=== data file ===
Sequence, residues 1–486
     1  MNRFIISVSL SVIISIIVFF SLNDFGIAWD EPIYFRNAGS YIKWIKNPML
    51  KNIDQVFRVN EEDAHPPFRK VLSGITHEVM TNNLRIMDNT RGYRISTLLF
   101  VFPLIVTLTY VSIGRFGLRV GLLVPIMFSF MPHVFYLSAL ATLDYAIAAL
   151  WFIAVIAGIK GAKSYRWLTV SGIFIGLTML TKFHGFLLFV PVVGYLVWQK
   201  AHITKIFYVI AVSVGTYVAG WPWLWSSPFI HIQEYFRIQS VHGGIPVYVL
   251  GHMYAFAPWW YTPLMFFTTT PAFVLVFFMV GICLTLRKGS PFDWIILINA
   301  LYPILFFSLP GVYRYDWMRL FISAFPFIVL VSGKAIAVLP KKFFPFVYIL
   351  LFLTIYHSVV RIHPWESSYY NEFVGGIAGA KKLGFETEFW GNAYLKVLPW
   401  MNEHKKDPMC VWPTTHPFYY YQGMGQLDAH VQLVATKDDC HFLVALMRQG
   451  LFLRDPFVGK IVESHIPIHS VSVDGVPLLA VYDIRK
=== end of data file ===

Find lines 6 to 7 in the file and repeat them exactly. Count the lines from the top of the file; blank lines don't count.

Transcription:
   201  AHITKIFYVI AVSVGTYVAG WPWLWSSPFI HIQEYFRIQS VHGGIPVYVL
   251  GHMYAFAPWW YTPLMFFTTT PAFVLVFFMV GICLTLRKGS PFDWIILINA